Light car + big engine = silly go-fast fun. Back in the 1940s and ‘50s it was Ford flathead, Olds, and Caddy V8s in Model As. Pontiac stuffed a 389 in a mid-size Tempest and ushered in the musclecar era with the 1964 GTO. Carroll Shelby’s 427-powered Cobras terrorized the competition (and probably the drivers) at road courses in the ‘60s. And let’s not forget Willys and Austin gassers, V8 Vegas and Pintos, and countless home brewed V8 swaps in all manner of small cars.
A popular modern-day variation of this formula is stuffing a V8 in the humble Mazda Miata. You would think a heavy V8 in the nose would ruin a Miata’s sweet handling characteristics, but Tom Tharp is here to prove it ain’t necessarily so.
Tom runs a DIY You Tube channel called Tom’s Turbo Garage. He’s into turbocharged rockets—primarily Mitsubishi/Diamondstar cars—but V8s have never been far from his mind.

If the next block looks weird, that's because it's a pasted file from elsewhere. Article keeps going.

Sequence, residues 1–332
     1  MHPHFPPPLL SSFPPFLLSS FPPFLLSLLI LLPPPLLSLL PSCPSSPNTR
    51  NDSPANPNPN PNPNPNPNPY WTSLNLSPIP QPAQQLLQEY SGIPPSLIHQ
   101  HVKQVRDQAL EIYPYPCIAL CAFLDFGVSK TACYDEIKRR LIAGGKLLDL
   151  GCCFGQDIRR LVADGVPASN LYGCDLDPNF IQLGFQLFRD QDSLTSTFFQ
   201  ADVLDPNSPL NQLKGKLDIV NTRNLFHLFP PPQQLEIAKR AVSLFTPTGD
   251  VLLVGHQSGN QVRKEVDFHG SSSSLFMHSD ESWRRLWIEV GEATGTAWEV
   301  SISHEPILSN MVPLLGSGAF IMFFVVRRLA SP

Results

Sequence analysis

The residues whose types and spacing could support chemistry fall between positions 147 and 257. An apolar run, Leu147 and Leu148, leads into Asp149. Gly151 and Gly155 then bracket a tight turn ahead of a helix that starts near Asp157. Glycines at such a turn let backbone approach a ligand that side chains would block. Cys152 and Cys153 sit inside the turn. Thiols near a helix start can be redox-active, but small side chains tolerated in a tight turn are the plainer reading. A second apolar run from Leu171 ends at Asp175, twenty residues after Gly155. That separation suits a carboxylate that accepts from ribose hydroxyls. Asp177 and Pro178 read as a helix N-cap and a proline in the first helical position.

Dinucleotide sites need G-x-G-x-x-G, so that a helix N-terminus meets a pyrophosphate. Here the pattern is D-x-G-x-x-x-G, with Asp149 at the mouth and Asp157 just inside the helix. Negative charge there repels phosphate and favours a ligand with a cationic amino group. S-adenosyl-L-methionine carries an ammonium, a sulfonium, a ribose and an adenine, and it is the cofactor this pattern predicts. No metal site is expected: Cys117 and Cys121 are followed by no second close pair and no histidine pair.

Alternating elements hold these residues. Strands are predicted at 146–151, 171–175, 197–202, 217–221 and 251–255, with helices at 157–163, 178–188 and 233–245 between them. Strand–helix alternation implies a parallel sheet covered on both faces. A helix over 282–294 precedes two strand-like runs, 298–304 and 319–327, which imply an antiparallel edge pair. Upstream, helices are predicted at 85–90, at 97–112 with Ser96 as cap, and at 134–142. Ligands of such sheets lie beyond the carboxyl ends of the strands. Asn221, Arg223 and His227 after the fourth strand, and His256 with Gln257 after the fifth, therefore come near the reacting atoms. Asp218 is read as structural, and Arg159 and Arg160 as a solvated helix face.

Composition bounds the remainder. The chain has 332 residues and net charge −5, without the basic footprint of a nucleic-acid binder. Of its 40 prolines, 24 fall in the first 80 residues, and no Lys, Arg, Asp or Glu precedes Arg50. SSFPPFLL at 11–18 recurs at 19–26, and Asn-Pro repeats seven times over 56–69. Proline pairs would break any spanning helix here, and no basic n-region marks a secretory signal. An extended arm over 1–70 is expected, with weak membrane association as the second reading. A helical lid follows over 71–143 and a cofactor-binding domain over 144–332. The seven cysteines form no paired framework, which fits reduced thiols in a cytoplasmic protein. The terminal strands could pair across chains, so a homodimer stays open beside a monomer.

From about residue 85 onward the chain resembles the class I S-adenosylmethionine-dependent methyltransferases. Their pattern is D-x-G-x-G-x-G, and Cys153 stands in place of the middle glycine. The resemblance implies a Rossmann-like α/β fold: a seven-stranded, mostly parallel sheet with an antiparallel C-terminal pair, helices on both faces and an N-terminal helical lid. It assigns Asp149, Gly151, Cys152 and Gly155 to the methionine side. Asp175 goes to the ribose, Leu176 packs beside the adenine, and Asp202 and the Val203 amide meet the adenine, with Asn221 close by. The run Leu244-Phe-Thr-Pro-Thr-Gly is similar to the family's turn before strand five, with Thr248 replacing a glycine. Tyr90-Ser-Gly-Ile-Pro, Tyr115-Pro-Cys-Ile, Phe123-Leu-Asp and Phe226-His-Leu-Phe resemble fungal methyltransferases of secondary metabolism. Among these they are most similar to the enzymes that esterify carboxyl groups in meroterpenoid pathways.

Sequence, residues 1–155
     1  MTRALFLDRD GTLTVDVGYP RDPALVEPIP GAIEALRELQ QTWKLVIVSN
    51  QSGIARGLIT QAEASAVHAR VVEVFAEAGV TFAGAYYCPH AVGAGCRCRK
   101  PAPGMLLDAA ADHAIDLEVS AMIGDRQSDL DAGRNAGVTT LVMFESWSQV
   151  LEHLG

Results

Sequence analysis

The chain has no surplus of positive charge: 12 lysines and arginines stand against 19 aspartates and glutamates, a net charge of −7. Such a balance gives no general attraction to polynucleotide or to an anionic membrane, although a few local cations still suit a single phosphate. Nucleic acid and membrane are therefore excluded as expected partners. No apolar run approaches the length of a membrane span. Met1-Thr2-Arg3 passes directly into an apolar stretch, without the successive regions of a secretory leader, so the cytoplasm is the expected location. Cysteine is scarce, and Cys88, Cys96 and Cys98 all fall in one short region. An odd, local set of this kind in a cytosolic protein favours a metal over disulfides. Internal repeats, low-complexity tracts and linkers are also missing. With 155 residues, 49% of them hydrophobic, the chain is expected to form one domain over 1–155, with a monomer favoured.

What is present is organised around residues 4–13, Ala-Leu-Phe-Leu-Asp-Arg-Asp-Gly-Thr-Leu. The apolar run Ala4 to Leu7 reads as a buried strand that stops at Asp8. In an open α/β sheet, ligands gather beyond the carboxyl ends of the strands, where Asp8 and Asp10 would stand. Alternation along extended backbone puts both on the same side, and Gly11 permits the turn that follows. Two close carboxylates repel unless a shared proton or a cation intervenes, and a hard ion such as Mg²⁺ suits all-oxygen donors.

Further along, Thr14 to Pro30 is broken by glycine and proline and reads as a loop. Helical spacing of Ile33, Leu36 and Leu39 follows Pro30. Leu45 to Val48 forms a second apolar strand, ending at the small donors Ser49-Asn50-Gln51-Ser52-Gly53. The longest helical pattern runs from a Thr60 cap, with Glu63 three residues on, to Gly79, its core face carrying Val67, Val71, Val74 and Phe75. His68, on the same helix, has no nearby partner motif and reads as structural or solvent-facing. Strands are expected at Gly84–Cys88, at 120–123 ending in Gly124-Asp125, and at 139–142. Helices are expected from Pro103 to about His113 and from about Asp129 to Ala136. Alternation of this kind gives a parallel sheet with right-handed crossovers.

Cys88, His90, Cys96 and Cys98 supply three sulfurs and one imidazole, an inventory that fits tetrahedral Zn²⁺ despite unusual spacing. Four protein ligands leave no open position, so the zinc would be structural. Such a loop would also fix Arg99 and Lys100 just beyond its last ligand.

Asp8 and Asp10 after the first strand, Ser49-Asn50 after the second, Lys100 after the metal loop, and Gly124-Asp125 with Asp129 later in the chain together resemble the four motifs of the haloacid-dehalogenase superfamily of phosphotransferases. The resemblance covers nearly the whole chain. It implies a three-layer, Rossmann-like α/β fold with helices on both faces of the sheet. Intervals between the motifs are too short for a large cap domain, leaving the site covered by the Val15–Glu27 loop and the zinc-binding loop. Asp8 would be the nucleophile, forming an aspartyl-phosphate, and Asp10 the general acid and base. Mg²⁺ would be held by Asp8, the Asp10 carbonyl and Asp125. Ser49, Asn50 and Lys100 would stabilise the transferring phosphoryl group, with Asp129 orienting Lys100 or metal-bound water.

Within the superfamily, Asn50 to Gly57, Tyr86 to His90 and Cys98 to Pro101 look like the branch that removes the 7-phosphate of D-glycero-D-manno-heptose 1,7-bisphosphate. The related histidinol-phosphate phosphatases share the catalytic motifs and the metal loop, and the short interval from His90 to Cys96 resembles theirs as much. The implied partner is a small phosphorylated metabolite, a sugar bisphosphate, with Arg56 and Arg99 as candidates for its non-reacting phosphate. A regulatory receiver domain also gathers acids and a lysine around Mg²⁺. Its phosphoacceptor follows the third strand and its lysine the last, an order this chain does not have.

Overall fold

“The mantra of little car, big engine has intrigued me for as long as I can remember,” he said. “My favorites are two-seat V8 roadsters—powerful, balanced sports cars that are sure footed and deliver an addictive wave of torque when you hit the throttle.”
And that’s exactly what Tom’s latest project is. He has taken a perfectly good 2004 Mazdaspeed Miata (the rare version with a 178 horsepower turbo 1.8 liter four) and torn it apart to make room for a Chevrolet Performance LS3 crate engine. He’ll be posting video on the aptly named Project Thunderbolt at Tom’s Turbo Garage. OnAllCylinders will be bringing you monthly updates on his progress and links to the video series.
In the next installment of Project Thunderbolt, Tom outlines the project goals and breaks out the tools of destruction to begin disassembly of the Miata in preparation for the new drivetrain.
[…] part one of Project Thunderbolt, we laid out the plans to stuff a GM LS3 V8 in to a 2004 Mazdaspeed […]